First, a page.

With this information, you can use my FIRE calculator to get information about success rates and worst durations for several withdrawal rates. For instance, I have plugged my own situation into (40 years and 80% stocks) to get the following information:
|Withdrawal Rate||Success Rate||Worst duration|
With this information, I would use a 3.75% withdrawal rate. Some people would prefer to have the 3.5% if they are more conservative. And some people would even go with the 4% if they aggressive enough. For me, one chance out of ten to run out of money is already too much, but not for everybody.
Since I am still hesitating with my asset allocation, I have also done the work with 100% in stocks and 40 years:
|Withdrawal Rate||Success Rate||Worst duration|
If I went with 100% stocks, I would also go with 3.75%. But I would be careful about the worst duration during my retirement. So I would keep some flexibility to be able to reduce it to 3.5% if necessary.
5. Think of margin of safety
This step is optional, but it may make sense for some people to have a margin of safety in their choice. There are several reasons to introduce some more safety.
First, you may live much longer than expected. This is not a bad thing, of course. But if you have planned for 40 years and live 60 years, your plan may fail.
Second, we need to remember that all of this data is based on historical results. These simulations have worked for 150 years. And I am confident they will work in the future. But maybe they will perform slightly worse?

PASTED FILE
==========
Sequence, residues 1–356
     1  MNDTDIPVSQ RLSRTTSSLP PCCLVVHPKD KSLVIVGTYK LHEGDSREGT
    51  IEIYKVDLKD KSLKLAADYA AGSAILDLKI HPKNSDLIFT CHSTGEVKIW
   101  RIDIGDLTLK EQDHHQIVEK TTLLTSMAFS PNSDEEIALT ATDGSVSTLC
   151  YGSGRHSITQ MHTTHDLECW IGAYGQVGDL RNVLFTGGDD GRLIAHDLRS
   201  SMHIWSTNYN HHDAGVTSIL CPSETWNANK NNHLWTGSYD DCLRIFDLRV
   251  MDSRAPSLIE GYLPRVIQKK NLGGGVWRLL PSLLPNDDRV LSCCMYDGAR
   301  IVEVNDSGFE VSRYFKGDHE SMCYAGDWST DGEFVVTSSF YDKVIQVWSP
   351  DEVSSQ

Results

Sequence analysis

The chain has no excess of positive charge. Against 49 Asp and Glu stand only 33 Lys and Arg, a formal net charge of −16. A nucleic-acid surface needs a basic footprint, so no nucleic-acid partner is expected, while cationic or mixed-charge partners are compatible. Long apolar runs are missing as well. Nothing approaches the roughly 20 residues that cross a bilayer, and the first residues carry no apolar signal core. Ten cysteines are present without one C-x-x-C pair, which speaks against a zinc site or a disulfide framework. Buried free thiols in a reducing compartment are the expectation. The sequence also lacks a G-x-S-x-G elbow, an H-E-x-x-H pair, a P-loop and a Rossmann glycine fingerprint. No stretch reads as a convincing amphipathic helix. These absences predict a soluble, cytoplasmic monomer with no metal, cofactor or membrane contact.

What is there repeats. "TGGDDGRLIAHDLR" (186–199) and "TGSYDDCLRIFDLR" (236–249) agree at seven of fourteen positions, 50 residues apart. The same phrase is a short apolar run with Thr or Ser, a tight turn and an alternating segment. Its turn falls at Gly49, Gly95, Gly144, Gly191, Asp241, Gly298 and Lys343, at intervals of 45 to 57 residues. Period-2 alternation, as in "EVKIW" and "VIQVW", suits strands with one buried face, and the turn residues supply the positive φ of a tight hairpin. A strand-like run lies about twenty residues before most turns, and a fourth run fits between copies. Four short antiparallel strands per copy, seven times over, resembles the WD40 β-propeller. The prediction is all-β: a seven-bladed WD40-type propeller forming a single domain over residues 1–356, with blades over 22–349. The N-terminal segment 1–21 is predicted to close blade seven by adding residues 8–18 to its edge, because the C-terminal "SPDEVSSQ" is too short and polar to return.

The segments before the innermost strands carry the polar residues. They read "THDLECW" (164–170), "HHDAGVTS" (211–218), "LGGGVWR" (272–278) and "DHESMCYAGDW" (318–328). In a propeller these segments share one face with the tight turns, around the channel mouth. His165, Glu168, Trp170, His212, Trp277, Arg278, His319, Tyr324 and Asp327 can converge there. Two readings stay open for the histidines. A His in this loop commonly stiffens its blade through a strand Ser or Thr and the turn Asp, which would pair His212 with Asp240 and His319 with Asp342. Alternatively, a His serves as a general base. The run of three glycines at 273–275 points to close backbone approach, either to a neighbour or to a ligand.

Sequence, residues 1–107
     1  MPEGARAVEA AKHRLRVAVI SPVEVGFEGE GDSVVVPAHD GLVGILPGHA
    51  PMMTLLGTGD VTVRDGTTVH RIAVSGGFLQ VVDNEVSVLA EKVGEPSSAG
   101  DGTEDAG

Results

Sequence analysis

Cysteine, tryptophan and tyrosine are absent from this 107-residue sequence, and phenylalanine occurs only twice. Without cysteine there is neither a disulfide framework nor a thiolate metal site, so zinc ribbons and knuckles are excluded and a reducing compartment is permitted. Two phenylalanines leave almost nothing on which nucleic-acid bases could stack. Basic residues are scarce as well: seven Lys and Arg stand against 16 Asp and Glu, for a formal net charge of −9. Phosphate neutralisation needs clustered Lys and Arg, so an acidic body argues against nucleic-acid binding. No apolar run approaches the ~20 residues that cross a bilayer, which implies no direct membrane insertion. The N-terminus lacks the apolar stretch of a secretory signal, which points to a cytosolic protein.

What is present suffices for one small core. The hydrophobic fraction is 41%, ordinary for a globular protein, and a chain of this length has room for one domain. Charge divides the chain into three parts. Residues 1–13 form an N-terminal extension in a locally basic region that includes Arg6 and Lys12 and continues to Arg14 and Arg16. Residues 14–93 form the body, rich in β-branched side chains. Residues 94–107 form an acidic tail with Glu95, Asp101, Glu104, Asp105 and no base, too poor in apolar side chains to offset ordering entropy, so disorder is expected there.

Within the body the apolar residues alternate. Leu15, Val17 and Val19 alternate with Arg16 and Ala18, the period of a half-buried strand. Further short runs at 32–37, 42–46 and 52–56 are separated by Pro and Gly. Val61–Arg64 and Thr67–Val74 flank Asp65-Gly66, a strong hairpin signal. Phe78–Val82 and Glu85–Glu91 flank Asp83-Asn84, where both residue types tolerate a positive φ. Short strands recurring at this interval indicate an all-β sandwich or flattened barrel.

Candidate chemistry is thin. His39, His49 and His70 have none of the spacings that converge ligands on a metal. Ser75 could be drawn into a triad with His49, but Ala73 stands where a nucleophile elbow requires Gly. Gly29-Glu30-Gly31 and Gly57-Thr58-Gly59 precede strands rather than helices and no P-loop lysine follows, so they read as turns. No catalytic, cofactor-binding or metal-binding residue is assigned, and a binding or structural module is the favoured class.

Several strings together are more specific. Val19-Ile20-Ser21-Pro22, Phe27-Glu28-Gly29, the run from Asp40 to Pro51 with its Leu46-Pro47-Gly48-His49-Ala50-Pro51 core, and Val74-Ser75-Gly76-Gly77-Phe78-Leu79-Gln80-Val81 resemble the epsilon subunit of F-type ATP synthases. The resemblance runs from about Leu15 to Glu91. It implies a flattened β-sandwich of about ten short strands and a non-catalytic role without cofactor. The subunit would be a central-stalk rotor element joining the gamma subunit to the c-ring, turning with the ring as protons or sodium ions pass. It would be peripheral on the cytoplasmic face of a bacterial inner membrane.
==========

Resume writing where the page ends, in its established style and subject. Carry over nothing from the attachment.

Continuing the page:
Third, your expenses may change. If you have not planned for your expenses and they end up increasing after your retirement, your effective withdrawal rate may be higher than you thought.
So, adding a little margin of safety to your retirement plan may not be a bad thing. There are several ways to add a margin of safety:
- Lower your withdrawal rate at the end
- Plan for more years for your retirement
- Increase your target success rate and worst durations
Of course, you should not go over the top with your margin of safety. In the end, most early retirees will end up with significantly more money than they started with. So, if you lower your withdrawal rate from 3.5% to 2.5%, you will have to accumulate significantly more money, and you will probably end up with a ton of money at the end of your retirement.
6. Revise your plan yearly
If you are going to retire soon, you are good to go. But if you retire in years or decades, you will want to update your retirement plan and your safe withdrawal rate every year or so.
I would encourage you to redo the first five steps quickly every year to make sure your plan is still working for your current situation. And this is also an excellent time to see where you are from your retirement.
With these six steps, you should have a good idea of how to choose a Safe Withdrawal Rate for your situation. It is an essential decision since it will shape your journey to financial independence.
As long as you are not retired, you have plenty of time to think about this. However, once you retire, you cannot change your withdrawal rate without changing your expenses which may not be possible. Therefore, it is worth taking the time to think about your withdrawal rate.
I have already changed my own Safe Withdrawal Rate several times. While writing this guide and doing the six steps myself, I have increased my withdrawal rate from 3.6% to 3.75%. I believe I will be safe enough with 3.75%. But I probably will not retire before 15 years. So, I expect my Safe Withdrawal Rate to change in the future again.
The best way to play with these numbers is to use my Safe Withdrawal Rate Calculator.
What about you? What is your own Safe Withdrawal Rate?